You join a one-month challenge to write every day. You find a writing buddy to hold you accountable. You hire a coach to tell you to write.
And you study. You gather the best books on writing like your personal counsel of advisors. You attend writers’ conferences. Maybe you invest in a Master’s of Fine Arts in Creative Writing program to learn the nuances of craft & theory and to feel part of a scene.
You outline. You fill in the buckets of your chapters with scenes or information or great ideas from your own programs or workshops. You have 150, 200, maybe more pages drafted.
Maybe you finish your first draft!
Maybe you have completed your book proposal. Maybe an agent has expressed interest.
These are admirable milestones, mind you – milestones that many people never reach.
You think with one or two rounds from an editor, you’ll be set.
The Firemaker nudges that Confidence Curve upward. This is confidence built on willpower.
But something happens even at this stage.
Stage 4: The Crisis
With or without an MFA in hand, with or without a published book on your belt notch, you might recognize that you still have not finessed a bit of the author’s magic.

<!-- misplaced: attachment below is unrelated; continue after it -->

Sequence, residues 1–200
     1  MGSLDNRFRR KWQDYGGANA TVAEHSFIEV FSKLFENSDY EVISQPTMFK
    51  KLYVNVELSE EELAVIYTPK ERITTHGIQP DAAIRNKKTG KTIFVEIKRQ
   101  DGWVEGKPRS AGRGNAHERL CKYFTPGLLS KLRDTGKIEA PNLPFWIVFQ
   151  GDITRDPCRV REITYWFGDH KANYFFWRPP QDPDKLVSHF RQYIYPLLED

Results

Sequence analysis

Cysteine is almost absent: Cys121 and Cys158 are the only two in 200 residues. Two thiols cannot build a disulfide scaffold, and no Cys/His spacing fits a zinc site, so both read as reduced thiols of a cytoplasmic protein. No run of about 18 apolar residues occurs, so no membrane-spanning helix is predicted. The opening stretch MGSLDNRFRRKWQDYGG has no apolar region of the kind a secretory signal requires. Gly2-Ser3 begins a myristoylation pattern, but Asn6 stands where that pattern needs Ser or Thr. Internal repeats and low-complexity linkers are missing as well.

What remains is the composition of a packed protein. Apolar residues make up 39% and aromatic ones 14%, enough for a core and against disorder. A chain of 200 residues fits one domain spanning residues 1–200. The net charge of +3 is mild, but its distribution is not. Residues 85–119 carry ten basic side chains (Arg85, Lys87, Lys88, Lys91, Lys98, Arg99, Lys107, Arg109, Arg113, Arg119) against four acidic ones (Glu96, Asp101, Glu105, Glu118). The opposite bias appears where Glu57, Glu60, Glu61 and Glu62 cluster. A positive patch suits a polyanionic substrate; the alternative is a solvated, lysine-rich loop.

You realize that just because someone can move her body authentically to music day after day does not mean that her moves merit strangers putting down money to come and watch her “dance.”
That is, you realize that just because you have ideas on the page, just because you have figured out intuitively or otherwise a few things about writing coherent paragraphs or craft techniques, just because you have constructed a semi-decent manuscript or book proposal, your book does not yet do what the books you savor do.
It does not captivate. It does not work its magic on strangers.
That lack in part has to do with the psychology of reading and then finessing your writing accordingly.
We can get so fixated on our Big Idea or our complicated plot and drama or our authentic aesthetic sensibility that we lose sight that a book that merits a reader’s time and energy and $10, $20, or $30 should offer an experience for the reader.